And when she discovered about mining operations in the Tost Mountains, which bridges two national parks in the South Gobi, Bayara acted as an envoy for the community. She met with government officials to advocate that Tost become a federally protected area.  

    Her collaboration with environmental journalists on a huge public outreach campaign resulted in the formal designation of the 1.8 million acre Tost Tosonbumba Nature Reserve.

    This is the first federally protected area in Mongolia that’s protected for snow leopards.   The area has a core breeding population of snow leopards; it forms an area of over 20,000 million acres of protected snow leopard habitat in the South Gobi.

    Bayara put pressure on the government authorities to mollify the mining licences. 

    Changing the locals' perceptions of snow leopards

    As well as persuading the government to protect the area, which cancelled all active mining licenses within the reserve, Bayaran moved perceptions of snow leopards amongst herder communities.  They now see the snow leopard as a part of their identity.

    You can help by making a donation

    Today, Bayara is also the Mongolia Director for the International Snow Leopard Trust.   You can support her work through the Snow Leopard Trust which at the time of writing was matching all donations made to her. 

    Visit Snow Leopard Conservation Foundation

    Visit the Snow Leopard Trust

    All donations for Bayara's efforts up to $20,000 will be matched by the Edrington Group and Snow Leopard Trust UK, so your gift has double the impact today!

     

  3. Chicago, switch your lights off in the birds' migration season after 11pm

    Chicago is an amazing city, with an incredible shoreline but it’s not a happy place for many birds during the migration season.

    The problem in Chicago

    Every year, 6,000 birds die in one square mile area of downtown Chicago.   Why?

    Well, Chicago sits in the middle of one of the busiest areas for bird migration.   Twice a year, 5 million birds fly through this course twice a year. 

    They are exhausted by the time they reach Chicago. And that’s when they really hit a problem – literally.

    Up to ONE BILLION migratory birds die every year, colliding with skyscrapers.  

    Birds use the stars to point them in the right direction.  That means the problem is worse at night, when tall skyscrapers are lit up all night – that confuses and disorients the birds.  And they crash into the buildings.

    The solution in Chicago

    It's easy!  All it needs is for buildings to turn off their lights after 11pm during the migratory season.

    Chicago already “encourages” buildings to switch their lights off, but encouragement isn’t enough.  To save birds, the Lights Out policy needs to be mandatory.

    How you can help with this solution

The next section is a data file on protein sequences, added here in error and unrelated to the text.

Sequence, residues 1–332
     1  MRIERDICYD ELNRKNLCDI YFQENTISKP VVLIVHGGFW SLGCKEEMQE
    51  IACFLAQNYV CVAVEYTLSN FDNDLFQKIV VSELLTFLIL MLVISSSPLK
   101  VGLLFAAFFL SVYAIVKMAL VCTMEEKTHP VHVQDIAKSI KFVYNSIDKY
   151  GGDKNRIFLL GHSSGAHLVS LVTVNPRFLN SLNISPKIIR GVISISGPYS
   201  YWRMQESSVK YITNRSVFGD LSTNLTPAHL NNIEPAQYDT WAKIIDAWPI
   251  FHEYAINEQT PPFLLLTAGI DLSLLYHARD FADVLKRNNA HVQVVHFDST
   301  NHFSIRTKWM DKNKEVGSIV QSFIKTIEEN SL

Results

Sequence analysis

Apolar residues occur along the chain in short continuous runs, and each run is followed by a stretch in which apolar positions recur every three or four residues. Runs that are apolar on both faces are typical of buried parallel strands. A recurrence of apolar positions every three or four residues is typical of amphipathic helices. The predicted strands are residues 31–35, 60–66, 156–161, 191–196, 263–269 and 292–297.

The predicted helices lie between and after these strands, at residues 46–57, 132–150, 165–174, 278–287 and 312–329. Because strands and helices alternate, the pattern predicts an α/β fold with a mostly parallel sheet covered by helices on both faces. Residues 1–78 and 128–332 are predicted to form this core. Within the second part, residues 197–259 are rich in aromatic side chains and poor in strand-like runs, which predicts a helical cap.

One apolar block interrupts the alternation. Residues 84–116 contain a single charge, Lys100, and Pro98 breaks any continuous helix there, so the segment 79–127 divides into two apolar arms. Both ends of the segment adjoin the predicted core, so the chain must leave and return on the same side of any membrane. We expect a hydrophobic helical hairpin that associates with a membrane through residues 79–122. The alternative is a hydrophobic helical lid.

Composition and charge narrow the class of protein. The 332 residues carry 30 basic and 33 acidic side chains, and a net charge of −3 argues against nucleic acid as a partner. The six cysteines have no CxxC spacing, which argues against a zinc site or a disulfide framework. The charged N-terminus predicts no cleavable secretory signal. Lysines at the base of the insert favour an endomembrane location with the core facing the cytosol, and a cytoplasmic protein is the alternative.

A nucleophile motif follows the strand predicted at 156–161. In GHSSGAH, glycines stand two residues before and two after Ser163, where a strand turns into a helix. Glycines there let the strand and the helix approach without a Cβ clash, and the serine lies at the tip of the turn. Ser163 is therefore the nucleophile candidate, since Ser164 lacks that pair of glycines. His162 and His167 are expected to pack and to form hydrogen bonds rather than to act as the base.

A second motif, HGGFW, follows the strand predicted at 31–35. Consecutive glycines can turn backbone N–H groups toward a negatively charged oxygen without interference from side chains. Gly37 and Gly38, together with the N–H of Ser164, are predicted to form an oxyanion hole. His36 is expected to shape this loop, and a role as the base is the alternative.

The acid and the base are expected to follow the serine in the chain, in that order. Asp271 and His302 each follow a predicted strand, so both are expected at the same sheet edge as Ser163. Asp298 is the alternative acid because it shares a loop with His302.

Care2.com have a petition telling Chicago city officials to require buildings to shut the lights off at night during bird migratory season.  (It’s hardly environmentally friendly to keep the lights on, anyway.)

    Sign the petition to get these lights switched off in Chicago.

     

  4. Today is Earth Day – and today that means a chance to TREBLE your impact to protect this one planet we have.

    The Sierra Club are working to do the following (and I quote from their email):

    • Keep our wild places wild by making the Roadless Rule permanent
    • Protect endangered animals from extinction by protecting the Endangered Species Act from attacks by the Trump administration and Congress
    • Ensure everyone has access to clean air and water by resisting attacks on the safeguards keeping toxic pollution out of vulnerable communities.

    Make a gift to support our work right now and it will go THREE TIMES as far towards helping the Sierra Club fight to protect our vulnerable communities, clean air and water, precious public lands and wildlife—in the courts, in Congress, and in the grassroots.    Rush your Earth Day gift before midnight and it will be TRIPLED by the Club’s generous donors up to $300,000.  The Club will also send you their Insulated Cooler Tote Bag, Free.

    The Sierra Club’s 3.5 million plus strong community have helped it achieve some incredible victories:

    • They’ve got 119 cities to commit to 100% clean energy from San Diego to St Petersburg
    • They’ve retired 287 dirty coal plants – this can only improve the health and wellbeing of everyone
    • They’ve got anti-environmental officials such as Interior Department Secretary Ryan Zinke and Environmental Protection Agency Secretary Scott Pruitt out of office.
    • They’ve countered the Trump administration over and over again, helping to block oil and gas drilling on iconic lands and offshore, helping pass legislation to protect wild places, and continuing to shut down dirty coal-fired power plants and coal mines.

    They must keep fighting.  So please make a gift to support the Sierra Club as it fights to protect vulnerable communities, clean air and water, precious public lands and wildlife—in the courts, in Congress, and in the grassroots.

    DONATE TODAY 22 April 2019